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Gio Gonzalez
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Gio Gonzalez fires Scott Boras

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Gio Gonzalez has had a rough few months.

Despite being a pretty solid pitcher over the years, he claims he only received one offer all offseason: a minor league deal with the Yankees. He signed that in late March and the Yankees have kept him in the minors. If they don’t call him up by tomorrow, he can request his release. For what it’s worth, Gonzalez has not pitched well in Triple-A, likely because he didn’t get a spring training (this past month has been his spring training for all practical purposes). A such, it seems doubtful that the Yankees will call him up and likely that he’s going to be a free agent once again by this weekend.

He’ll be a free agent with a new agent, too, as Mark Feinsand of MLB.com reports that Gonzalez has fired his agent, Scott Boras, and is now represented by CAA.

Normally at this point I’d offer some stuff about how crappy the market is for free agents. And it is. But I’m more taken with the Scott Boras angle here. And wondering why on Earth players who are not top-of-the-market talents sign with him.

I’ve been wondering this for years and years, actually. I wrote about it a lot back in 2010 and I’m pretty sure I wrote about it at my old Blogspot blog back in 2007 or 2008 as well. The upshot: I’m sure Boras handles his business professionally and responsibly, and I don’t think he commits agent malpractice or that he is somehow not serving his clients in the way he thinks is best. I simply think that the way Boras tends to approach the market is not, actually, what’s best for secondary talents, even if it makes zillions of dollars for elite players like Bryce Harper.

What has made Boras so successful is his patience. While he, like all agents, have been burned in the past, he has been remarkably successful at getting good and often great deals long after most experts figured the money was not out there to be had. People were talking about Harper taking a short term deal with the Giants before he nabbed $330 million from Philly, you’ll recall. In the past he’s done that with other great players too. If I was an MVP-contender or looked to be the top guy at my position in the market, I’d strongly consider hiring Boras because the guy isn’t gonna blink and isn’t gonna get nervous playing chicken with clubs.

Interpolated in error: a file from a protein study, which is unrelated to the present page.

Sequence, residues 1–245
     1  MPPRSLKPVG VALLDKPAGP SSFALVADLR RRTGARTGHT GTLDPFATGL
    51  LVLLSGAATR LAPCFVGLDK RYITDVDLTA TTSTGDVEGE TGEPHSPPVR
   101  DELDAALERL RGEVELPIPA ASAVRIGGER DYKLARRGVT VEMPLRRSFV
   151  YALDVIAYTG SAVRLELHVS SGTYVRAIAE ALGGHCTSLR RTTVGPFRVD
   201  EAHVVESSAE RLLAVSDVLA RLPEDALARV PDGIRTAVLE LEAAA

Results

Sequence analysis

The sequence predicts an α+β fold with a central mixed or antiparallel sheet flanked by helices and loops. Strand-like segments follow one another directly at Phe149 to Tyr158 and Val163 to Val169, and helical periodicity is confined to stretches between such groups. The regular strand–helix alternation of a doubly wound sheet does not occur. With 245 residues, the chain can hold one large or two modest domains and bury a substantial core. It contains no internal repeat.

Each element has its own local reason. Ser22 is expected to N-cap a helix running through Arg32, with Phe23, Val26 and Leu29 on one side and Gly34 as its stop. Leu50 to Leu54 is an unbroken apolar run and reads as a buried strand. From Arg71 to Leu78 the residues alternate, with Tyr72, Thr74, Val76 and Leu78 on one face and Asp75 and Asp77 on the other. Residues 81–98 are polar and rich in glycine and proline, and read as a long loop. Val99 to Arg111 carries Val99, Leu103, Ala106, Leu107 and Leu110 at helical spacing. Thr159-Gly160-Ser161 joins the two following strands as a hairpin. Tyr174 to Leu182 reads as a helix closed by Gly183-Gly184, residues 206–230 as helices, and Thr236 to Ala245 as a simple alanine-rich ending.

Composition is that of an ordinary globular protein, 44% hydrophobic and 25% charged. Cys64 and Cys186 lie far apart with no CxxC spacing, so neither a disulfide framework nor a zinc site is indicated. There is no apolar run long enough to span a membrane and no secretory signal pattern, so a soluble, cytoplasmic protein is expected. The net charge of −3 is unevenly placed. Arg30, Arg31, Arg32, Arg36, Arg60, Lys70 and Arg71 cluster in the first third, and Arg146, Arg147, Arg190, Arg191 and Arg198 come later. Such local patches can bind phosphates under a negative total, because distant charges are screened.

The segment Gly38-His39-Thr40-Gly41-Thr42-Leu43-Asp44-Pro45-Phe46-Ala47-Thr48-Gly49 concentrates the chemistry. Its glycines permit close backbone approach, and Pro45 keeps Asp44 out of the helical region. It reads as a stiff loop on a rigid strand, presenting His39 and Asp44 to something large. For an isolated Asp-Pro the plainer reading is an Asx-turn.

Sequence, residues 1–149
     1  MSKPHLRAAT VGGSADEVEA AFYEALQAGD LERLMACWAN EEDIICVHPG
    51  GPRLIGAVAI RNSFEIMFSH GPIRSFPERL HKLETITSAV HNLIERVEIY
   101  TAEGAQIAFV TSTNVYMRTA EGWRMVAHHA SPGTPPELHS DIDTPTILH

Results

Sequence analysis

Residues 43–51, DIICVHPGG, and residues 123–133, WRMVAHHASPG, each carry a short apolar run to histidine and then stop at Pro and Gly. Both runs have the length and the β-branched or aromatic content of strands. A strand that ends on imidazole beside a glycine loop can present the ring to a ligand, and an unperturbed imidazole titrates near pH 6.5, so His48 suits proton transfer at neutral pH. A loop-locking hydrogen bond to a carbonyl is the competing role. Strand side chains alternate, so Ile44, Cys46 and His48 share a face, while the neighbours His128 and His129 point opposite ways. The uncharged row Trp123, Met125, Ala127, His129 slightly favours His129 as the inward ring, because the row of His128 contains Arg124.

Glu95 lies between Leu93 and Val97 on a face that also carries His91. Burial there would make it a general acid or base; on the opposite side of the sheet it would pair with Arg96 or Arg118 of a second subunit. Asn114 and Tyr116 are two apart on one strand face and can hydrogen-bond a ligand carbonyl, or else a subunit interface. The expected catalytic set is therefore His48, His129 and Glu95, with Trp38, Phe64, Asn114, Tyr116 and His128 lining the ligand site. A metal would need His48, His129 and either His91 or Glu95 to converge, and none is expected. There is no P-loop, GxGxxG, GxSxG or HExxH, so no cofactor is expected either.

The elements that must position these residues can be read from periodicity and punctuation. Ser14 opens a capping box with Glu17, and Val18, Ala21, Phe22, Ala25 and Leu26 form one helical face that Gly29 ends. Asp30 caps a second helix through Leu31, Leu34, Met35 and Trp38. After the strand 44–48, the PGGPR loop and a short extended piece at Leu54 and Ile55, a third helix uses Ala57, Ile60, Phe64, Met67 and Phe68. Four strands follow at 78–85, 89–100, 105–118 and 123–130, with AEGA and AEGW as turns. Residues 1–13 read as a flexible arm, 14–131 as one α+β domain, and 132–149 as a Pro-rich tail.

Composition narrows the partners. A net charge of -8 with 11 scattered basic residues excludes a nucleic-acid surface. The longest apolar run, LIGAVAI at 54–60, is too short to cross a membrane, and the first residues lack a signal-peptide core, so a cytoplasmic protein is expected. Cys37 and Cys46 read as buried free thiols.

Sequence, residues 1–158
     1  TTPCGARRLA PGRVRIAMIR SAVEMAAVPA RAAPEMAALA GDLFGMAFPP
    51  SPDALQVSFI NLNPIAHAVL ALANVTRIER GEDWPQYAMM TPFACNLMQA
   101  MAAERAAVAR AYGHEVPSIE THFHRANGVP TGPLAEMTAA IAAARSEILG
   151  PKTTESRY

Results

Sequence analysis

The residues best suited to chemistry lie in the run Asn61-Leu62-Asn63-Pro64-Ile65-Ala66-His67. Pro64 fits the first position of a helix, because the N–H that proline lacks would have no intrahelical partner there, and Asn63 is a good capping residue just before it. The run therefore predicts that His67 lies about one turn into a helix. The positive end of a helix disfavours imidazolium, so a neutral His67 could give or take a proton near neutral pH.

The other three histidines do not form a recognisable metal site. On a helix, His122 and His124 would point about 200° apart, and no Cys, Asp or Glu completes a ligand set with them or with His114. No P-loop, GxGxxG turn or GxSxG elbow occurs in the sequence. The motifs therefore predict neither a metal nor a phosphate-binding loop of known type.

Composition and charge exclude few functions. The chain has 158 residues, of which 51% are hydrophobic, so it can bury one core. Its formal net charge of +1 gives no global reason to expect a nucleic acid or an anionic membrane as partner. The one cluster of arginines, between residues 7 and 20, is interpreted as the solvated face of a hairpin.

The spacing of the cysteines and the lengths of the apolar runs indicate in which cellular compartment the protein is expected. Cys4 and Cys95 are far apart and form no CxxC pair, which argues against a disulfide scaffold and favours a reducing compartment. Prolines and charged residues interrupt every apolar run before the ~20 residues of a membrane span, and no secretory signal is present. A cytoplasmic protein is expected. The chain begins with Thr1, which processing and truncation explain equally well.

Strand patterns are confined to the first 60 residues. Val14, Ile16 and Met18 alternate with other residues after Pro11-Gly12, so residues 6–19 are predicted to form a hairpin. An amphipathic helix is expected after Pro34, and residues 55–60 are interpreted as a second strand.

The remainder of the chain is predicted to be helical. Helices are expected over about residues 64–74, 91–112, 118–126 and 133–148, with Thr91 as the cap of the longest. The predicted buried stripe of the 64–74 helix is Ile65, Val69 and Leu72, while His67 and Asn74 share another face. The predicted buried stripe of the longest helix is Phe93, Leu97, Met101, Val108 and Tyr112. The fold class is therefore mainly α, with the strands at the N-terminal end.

But if you’re not that guy — if you’re Gio Gonzalez, say — is that the best approach for you? If your agent’s m.o. is to get the top guys to set the market and then work on the dudes lower down the chain, why do you want to have the same agent a current free agent like Dallas Keuchel has?

You may counter that Boras is capable of doing two things at once, but even nine years later I can’t forget what Boras said to Jim Bowden on a radio show back in 2010 when he had both Matt Holliday and Johnny Damon in the same free agent class, both of whom were looking for left field jobs:

“Well, I think the market now after Matt [Holliday] has signed and Jason Bay has signed is starting to come alive because obviously teams are, some of the teams that were interested in those players have been contacting us. And I am in the process right now of turning my attention to Johnny’s situation.”

Maybe that was a poor choice of words, but if I’m Gio Gonzalez, I have to wonder if, given that Dallas Keuchel still doesn’t have a job, my agent’s attention has turned to my “situation” yet. And, when, exactly, it will.

And, yeah, maybe I fire him and hire CAA.